Web hosting is a business that has many different plans for many classes of customer from the personal blog to the SME or conglomerate. Sometimes for security reasons a company will run their own servers, manage their own systems and keep everything internal. However, this ties up a considerable amount of working capital and can be inefficient for many businesses.
Web hosts often invest millions of pounds into state-of-the-art data centers with no expense spared or corner cut, knowing that doing so will impair the performance of their servers, web sites and operations.
For most buyers of hosting, they are choosing between a handful of hosting products designed to cover most requirements. These are known as:
- Shared Hosting
- VPS Hosting
- Dedicated Hosting
- Cloud-based Hosting
- Co-location Hosting
Shared Web Hosting
Shared hosting is the most basic form of web hosting. A web server is used to host hundreds of web sites at the same time. Each site is expected to use a modest amount of bandwidth, disk space and system resources.
Plans are sold as “unlimited” in many cases, but in reality they usually come with “fair use” restrictions where those sites which consume too many resources or eat too much bandwidth find their accounts sometimes suspended.
This type of hosting is suitable for small web sites with perhaps 1,000 or fewer visitors per day. Once a site scales up to be more successful than this, receiving several thousand visitors per day, the shared server will start to have difficulty handling this level of activity as well as host all the other sites too. At this point, it’s time to trade up to a VPS hosting plan.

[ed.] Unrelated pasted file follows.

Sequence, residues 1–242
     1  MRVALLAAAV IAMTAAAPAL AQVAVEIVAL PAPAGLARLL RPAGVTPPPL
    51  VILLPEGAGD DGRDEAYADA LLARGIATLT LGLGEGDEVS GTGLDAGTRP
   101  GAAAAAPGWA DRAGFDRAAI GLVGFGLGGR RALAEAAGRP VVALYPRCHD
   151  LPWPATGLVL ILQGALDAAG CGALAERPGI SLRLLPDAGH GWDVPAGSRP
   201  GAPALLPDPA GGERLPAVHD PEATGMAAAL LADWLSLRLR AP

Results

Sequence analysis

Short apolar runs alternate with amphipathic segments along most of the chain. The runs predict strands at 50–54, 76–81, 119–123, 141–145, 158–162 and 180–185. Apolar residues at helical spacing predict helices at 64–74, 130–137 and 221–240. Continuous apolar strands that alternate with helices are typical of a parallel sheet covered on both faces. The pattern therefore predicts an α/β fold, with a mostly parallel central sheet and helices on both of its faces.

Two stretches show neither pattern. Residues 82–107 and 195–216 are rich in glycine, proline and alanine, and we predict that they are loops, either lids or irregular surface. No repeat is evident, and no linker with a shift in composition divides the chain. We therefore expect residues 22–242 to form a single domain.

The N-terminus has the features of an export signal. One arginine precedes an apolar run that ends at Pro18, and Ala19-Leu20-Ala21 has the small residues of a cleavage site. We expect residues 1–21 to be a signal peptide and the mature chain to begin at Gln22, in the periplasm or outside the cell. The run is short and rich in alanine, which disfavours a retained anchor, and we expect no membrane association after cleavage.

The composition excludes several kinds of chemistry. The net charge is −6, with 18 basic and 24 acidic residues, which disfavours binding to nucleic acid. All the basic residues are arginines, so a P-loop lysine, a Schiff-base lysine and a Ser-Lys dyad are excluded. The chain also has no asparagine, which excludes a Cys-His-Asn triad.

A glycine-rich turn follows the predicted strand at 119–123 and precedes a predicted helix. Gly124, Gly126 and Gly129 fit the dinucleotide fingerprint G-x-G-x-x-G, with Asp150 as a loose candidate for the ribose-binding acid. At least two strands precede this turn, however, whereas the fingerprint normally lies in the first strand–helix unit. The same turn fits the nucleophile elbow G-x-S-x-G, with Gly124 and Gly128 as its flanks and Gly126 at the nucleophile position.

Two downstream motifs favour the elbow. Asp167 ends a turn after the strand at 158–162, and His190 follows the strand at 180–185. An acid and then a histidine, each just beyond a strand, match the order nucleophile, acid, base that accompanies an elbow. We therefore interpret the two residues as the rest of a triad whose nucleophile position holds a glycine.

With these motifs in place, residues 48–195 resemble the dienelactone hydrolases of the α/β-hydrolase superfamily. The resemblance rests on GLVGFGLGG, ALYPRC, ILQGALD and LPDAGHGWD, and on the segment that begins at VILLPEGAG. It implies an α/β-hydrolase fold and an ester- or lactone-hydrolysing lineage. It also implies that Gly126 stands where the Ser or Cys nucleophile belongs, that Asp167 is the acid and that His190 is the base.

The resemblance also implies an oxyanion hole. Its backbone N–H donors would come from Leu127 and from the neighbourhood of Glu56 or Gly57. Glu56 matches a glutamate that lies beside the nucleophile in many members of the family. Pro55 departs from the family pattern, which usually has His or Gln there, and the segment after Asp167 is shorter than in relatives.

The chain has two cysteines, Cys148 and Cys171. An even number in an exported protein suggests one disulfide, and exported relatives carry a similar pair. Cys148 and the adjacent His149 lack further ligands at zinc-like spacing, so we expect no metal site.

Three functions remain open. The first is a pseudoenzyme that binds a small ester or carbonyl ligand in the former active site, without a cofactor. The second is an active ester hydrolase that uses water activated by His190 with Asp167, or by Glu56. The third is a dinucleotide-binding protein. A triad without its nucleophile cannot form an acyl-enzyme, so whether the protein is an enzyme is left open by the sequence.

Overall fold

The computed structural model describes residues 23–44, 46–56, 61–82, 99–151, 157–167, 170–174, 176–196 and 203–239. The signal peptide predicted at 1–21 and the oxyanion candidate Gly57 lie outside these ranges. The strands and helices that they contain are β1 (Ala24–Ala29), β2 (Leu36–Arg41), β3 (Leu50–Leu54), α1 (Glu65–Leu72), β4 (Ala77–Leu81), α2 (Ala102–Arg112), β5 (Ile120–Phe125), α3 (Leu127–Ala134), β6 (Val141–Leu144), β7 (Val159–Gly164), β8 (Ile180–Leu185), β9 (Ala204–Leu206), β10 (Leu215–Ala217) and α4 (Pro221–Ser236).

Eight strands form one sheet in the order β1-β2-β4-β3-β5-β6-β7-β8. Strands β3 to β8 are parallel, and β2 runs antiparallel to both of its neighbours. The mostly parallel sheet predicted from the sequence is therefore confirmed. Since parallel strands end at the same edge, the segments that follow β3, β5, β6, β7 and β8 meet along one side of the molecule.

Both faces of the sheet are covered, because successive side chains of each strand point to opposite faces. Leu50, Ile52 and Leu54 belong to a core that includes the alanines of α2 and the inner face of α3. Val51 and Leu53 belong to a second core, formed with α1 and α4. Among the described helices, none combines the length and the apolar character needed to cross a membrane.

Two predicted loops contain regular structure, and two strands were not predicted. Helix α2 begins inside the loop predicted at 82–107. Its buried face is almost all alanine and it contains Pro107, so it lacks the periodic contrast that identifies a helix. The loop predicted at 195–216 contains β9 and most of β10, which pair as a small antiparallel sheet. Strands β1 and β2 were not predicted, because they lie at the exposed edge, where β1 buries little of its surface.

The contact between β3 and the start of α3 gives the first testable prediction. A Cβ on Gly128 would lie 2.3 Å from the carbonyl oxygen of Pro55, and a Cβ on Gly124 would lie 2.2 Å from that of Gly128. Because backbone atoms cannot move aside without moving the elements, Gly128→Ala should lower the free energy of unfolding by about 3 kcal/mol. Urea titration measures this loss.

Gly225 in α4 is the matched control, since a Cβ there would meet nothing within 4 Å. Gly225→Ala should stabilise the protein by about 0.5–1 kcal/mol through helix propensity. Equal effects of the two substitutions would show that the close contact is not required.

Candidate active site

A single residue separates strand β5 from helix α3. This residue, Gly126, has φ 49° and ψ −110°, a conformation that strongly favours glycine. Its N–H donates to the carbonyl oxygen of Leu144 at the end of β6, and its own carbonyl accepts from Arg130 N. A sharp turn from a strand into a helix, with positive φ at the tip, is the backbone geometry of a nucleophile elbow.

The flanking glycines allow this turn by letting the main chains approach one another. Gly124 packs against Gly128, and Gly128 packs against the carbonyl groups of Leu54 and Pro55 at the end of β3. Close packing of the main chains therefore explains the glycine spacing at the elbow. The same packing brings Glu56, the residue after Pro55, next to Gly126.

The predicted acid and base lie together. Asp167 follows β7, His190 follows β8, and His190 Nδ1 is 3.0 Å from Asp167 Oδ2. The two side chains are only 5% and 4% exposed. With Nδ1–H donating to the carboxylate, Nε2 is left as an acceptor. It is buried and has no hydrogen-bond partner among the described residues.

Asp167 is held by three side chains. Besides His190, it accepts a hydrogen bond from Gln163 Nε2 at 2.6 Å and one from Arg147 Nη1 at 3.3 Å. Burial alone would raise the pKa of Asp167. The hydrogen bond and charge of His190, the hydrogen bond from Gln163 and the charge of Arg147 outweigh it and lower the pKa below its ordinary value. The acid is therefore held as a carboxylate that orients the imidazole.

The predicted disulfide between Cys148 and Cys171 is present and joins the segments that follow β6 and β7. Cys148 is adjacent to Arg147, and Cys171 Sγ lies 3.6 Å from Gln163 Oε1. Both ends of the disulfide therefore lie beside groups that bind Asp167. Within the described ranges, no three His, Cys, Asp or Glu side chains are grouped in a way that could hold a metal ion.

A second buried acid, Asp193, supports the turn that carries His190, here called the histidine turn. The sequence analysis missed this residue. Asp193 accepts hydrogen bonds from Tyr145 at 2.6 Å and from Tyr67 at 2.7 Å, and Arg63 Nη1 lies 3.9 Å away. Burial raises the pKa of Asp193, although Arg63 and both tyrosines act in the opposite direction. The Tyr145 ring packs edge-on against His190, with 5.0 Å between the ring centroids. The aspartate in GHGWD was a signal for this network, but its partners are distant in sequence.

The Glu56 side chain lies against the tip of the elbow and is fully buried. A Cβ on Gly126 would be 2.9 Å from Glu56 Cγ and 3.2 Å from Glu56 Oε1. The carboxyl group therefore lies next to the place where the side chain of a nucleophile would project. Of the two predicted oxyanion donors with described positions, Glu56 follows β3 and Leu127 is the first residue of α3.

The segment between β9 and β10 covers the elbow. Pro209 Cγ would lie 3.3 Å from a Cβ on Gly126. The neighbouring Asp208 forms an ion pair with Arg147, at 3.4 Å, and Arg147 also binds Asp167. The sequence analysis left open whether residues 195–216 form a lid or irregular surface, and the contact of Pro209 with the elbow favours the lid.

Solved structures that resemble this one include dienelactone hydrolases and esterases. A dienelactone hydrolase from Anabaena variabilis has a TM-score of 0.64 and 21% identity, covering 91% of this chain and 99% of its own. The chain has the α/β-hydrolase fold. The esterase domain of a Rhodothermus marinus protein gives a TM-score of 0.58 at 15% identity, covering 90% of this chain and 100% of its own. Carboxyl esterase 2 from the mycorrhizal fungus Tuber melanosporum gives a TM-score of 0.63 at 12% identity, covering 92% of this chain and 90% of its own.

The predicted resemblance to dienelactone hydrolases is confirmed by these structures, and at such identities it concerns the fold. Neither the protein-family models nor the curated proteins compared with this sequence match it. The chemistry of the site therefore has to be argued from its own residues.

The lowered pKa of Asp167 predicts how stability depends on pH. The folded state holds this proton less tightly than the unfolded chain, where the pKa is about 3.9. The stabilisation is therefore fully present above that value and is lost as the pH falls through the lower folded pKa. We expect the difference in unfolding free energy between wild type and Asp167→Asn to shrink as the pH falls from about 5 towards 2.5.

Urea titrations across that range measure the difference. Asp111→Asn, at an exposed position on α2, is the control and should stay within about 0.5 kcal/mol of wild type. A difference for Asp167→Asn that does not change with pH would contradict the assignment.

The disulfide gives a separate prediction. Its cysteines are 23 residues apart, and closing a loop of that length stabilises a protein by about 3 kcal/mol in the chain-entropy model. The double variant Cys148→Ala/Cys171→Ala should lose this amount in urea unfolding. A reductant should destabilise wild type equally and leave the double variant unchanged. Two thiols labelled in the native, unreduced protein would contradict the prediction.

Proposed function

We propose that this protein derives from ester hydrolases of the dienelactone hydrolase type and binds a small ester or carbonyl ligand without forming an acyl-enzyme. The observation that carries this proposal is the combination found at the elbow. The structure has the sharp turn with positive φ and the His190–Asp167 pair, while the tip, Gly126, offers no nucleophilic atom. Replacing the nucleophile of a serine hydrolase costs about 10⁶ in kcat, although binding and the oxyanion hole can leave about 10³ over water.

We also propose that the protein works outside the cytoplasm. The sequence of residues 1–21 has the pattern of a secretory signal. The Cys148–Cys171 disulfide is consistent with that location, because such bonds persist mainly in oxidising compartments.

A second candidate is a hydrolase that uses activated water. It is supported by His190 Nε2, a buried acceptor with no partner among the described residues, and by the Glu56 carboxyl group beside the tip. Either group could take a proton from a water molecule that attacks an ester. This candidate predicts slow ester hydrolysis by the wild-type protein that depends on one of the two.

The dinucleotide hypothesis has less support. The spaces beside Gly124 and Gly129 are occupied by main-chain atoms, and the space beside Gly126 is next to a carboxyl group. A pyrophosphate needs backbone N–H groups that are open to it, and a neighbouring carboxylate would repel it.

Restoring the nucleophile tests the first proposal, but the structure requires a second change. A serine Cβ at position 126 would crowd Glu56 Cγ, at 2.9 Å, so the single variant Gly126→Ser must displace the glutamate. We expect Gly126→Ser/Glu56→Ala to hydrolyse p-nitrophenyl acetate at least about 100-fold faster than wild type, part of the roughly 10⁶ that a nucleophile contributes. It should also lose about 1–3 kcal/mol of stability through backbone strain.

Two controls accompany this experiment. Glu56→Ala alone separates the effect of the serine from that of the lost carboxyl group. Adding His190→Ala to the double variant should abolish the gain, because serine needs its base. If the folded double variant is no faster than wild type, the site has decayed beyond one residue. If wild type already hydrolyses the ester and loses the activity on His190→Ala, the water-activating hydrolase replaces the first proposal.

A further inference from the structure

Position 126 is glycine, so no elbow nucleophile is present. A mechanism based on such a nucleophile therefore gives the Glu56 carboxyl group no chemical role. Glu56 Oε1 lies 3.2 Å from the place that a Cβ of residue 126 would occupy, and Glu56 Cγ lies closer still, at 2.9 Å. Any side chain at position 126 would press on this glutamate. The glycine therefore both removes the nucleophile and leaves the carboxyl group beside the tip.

VPS Web Hosting
A virtual private server is a virtual environment where each VPS plan is allocated a portion of the resources of the web server, networked disk storage and bandwidth.
Bandwidth is not usually unlimited outside of a shared hosting plan. As such, a VPS hosting plan will offer a few GB’s of data transfer but after that each megabyte has to be separately paid for.
The advantages of a VPS server is that it’s faster, greater resources are allocated which can sustain a busier web site, and there is usually root access. Root access lends the webmaster or site owner more control over how their virtual server is run.
VPS plans are usually managed which means the web host takes care of the operational side of running the web server software to ensure everything performs as it should. With unmanaged accounts, more responsibility for the good running of the virtual hosting falls on the customer.
Dedicated hosting is for site owners who need the resources of a single, high-powered web server at their disposal. This type of server is not hampered by what resources other web sites hosted on the same server equipment are requiring which could impact the performance for all sites hosted on that hardware.
The downside of dedicated hosting is the single point of failure problem. If the server runs into difficulty, any and all sites hosted on that server may develop a problem too. As a web site is not hosted on multiple web servers, which may be the case with cloud-based hosting, one serious server fault can take an entire site out of action.
Cloud-based hosting is quite new, but is becoming popular with web hosting customers because of its distributed nature and flexibility. Multiple web servers are connected together, sometimes in different data centres around the world, and these can each take responsibility to host part of the traffic for a web site. In this way, a compete failure at one data centre will not necessary bring down a site.
Another benefit of cloud hosting is that it is far easier to expand the resources needed when they are required. More access can be provided on short notice within the cloud of connected web servers, email servers and database servers. Then those resources can be dialed back again, as needed at the time.
Think: Big sales launch and a burst of additional traffic to the web site and you begin to get the idea. Even a single dedicated server may not be enough if a marketing push was too successful whereas a cloud-based hosting plan can adapt to the increased traffic much faster. As a result, fewer sales leads are lost.
Co-location is where a company owns their own web server hardware, but would like it housed in a professionally-run data centre. Server cage housing, cooling, power and internet connectivity are all provided for a monthly cost. In some cases the server is managed by the web host, in other words the company manages their own server (they just lack a necessary data centre).